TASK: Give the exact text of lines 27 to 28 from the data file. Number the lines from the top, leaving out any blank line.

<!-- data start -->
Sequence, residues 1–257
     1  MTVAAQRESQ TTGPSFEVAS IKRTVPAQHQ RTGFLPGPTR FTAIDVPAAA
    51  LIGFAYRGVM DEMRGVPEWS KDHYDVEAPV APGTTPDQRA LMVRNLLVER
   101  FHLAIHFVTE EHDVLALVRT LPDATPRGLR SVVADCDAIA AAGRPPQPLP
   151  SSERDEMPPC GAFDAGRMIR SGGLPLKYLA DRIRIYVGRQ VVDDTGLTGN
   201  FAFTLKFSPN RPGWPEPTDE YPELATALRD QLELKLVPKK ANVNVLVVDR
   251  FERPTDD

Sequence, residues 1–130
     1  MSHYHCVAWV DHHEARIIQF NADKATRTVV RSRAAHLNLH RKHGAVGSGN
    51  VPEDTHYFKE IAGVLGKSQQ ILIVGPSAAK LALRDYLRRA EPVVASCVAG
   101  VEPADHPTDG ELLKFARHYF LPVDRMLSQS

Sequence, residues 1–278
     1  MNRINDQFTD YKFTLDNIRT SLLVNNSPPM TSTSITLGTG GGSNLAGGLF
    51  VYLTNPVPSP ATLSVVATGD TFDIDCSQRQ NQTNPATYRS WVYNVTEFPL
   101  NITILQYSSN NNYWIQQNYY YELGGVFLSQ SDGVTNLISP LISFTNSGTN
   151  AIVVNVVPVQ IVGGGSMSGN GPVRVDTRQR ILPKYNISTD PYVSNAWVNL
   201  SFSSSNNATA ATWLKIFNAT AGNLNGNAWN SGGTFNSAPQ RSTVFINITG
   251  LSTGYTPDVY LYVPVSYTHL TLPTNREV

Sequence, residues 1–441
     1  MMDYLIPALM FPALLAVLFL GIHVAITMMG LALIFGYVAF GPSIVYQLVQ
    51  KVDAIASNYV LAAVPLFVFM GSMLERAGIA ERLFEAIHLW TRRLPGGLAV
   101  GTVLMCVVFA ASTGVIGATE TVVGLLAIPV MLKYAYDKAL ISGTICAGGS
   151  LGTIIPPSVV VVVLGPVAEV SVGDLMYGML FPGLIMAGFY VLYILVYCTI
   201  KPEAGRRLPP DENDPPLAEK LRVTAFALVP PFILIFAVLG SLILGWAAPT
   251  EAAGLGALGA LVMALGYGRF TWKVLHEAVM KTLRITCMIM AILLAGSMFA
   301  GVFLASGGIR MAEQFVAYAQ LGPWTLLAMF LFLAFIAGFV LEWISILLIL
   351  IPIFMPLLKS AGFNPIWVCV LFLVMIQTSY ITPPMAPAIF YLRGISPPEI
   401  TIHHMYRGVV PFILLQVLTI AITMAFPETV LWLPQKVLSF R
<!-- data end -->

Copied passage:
   351  IPIFMPLLKS AGFNPIWVCV LFLVMIQTSY ITPPMAPAIF YLRGISPPEI
   401  TIHHMYRGVV PFILLQVLTI AITMAFPETV LWLPQKVLSF R